Here's the beginning that my writing buddy, Anchorite, wrote:
She sat cross-legged with her head facing downwards and her lank black hair falling in a cascade to obscure her face. She found a strange sort of comfort in holding this position for sustained periods and in her own estimation this was her longest interval yet, although she could not measure it with any precision. She had nothing other than the warrior’s garb that she wore and her two trusted weapons that provided her only companionship in this featureless void. Her surroundings were nothing more than infinite emptiness lit by an unnatural dull glow without an apparent source. She had long ago learned how to visualize outside this barren realm to gather glimpses of the outside world beyond this interminable abyss.
She concentrated and visualized her reflection on the empty space between her crossed legs. She did not sit on the ground or floor per se, as there was only a milky white mist around her in all directions with no obvious floors, ceilings, or walls. She could walk forever in any direction and never reach a destination and she could likewise climb up or down in any direction and sit or lean wherever she wanted as if a solid surface had spontaneously materialized before her. She looked into the reflection of her sunken eyes ringed with dark circles and fair skin rendered wan by the lack of natural light; although unlike the featureless surroundings her body had a hard lifetime’s worth of accumulated scars, burns, and tattoos.
She laid her sword across her lap and lovingly ran her fingers down the grooved channels cut into the red-stained blade. She named it Bloodsoul for its ability to both cleave a soul from its mortal body and capture the screaming spirit within and to absorb the blood and other vital humors from the remaining husk. The sword took the body and soul of all those who stood in her way and she had killed enough humans, creatures, and even gods to make Bloodsoul into an unstoppable weapon fed by the anguish of its fallen victims. Her other weapon was a chain sickle forged by the dwarven king and master smith Alberich that carried an enchantment so powerful not even the gods of Asgard could break a single link.
With these weapons she had become an unstoppable warrior of vengeance and rage. She had slaughtered the slavers who had taken her in her youth like the animals that they were, and then murdered every last man, woman, and child in their tribe to extinguish them from the face of Midgard. She had then returned to her home village after more than a decade in slavery, killed every villager for their actual or complicit role in selling her to the slavers, and burned the entire place down in a massive fire that spread to the surrounding forest. After that she had gone on a global rampage of revenge that strengthened Bloodsoul and Alberich’s chain with every soul that crossed her path until they became strong enough for her to achieve her ultimate goal: to kill the gods themselves and cause Ragnarok.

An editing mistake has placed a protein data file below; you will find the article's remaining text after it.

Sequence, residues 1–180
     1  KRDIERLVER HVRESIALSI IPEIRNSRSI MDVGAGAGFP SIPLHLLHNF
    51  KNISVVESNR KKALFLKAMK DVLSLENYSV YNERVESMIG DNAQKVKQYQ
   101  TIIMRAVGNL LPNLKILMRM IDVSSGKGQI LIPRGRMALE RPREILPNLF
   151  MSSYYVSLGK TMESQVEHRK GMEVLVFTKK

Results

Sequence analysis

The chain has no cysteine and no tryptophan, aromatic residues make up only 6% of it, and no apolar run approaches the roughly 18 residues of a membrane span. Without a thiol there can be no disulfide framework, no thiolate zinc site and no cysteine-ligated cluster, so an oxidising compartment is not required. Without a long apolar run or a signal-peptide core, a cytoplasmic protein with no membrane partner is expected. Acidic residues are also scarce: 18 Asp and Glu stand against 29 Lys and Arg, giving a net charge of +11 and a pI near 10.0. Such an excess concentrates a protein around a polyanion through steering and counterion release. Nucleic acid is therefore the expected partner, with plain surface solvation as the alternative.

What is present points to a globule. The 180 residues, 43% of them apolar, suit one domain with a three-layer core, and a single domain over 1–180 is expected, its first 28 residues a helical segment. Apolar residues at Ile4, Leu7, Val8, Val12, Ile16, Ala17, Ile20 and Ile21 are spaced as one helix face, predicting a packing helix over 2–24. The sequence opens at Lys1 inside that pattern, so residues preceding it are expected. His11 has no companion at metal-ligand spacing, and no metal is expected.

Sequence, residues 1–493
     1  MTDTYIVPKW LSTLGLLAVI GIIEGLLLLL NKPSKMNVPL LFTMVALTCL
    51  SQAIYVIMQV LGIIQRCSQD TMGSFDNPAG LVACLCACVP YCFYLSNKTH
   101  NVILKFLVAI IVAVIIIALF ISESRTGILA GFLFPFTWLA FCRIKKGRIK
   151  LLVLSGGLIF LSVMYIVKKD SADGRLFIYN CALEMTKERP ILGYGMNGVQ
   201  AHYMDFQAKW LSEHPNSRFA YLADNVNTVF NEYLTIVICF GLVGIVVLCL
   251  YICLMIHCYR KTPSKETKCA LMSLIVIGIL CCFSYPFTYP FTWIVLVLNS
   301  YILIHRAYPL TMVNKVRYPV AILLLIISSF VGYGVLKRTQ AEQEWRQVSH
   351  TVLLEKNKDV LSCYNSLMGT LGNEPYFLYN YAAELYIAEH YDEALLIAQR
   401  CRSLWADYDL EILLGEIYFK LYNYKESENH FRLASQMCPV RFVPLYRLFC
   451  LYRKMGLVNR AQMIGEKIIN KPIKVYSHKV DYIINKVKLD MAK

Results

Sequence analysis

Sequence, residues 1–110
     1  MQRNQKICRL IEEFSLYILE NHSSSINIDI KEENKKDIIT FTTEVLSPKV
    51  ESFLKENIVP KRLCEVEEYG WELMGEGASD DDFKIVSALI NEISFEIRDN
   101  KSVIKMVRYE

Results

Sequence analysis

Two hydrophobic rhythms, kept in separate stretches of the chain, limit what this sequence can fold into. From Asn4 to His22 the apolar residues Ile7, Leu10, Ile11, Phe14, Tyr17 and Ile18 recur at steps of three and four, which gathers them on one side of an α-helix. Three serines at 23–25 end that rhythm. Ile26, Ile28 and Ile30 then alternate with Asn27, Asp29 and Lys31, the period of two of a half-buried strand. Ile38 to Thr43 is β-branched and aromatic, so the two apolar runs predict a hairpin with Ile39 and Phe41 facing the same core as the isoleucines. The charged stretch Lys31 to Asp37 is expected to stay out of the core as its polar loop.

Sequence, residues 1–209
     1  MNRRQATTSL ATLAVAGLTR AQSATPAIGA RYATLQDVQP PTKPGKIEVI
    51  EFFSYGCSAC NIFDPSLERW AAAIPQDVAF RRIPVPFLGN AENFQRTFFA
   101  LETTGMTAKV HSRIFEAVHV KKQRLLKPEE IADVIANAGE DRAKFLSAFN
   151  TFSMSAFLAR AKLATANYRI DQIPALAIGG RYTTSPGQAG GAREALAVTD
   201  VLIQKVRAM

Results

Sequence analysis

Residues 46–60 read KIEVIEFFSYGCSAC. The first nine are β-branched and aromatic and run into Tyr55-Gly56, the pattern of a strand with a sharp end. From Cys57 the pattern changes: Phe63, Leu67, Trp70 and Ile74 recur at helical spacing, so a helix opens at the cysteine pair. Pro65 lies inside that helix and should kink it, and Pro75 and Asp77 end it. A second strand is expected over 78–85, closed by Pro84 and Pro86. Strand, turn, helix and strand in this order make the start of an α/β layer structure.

Freya, Loki, the frost giants, and the Valkyries all fell before her battle prowess. She wanted to save Odin for last as she crushed his spirits by destroying everything precious to him before his eyes. She disemboweled and beheaded Thor in front of his father and then disemboweled his beloved steed Sleipnir, but not before methodically amputating each one of his eight legs before cutting open the horse’s writhing torso to toss its steaming entrails at Odin’s feet. With a wicked satisfied grin, she sheathed her sword before proceeding towards Odin, thus sending him the clear message that the so-called king of the gods was not worthy of joining Bloodsoul’s cacophony of anguished souls. She instead drew Alberich’s chain and wrapped it around the god’s neck to strangle him as slowly and painfully as she could manage. Odin’s eyes bulged as sweat beaded his brow as he gasped to draw breath through lips flecked with foaming spittle that spilled onto his beard. She savored the moment of ultimate victory right before her and then cried out in frustration as she had her triumph snatched from her and had been transported to this isolated vacant space.
She had been trapped here for what seemed like eternity and had been unable to interact with any other soul until she discovered the art of channeling her concentration and willpower to conjure whatever she could visualize. This was the only stimulus she had in this realm of sensory deprivation and the only respite to the oppressive tedium. She found comfort in viewing her reflection, if for no other reason than to reassure herself that she had not changed and that her fearsome weapons remained in her possession even if she had no use for them without anyone else around.
She found a renewed sense of purpose when she achieved a vision potent enough to leave her winded, weakened, and in dire need of sleep to recover her expended energy. She saw words appear as if written by an invisible pen in an elegant script that nearly brought tears to her eyes through the letters’ sheer beauty. Against her stark white surroundings, the words appeared as if written on pristine paper projected in front of her although she could not actually reach the floating letters. The text appeared at the pace she read it complete with a resonant soothing voice reading the words directly into her mind and hearing. Its ramifications had changed her perceptions and sent her into her recent contemplative fugue states.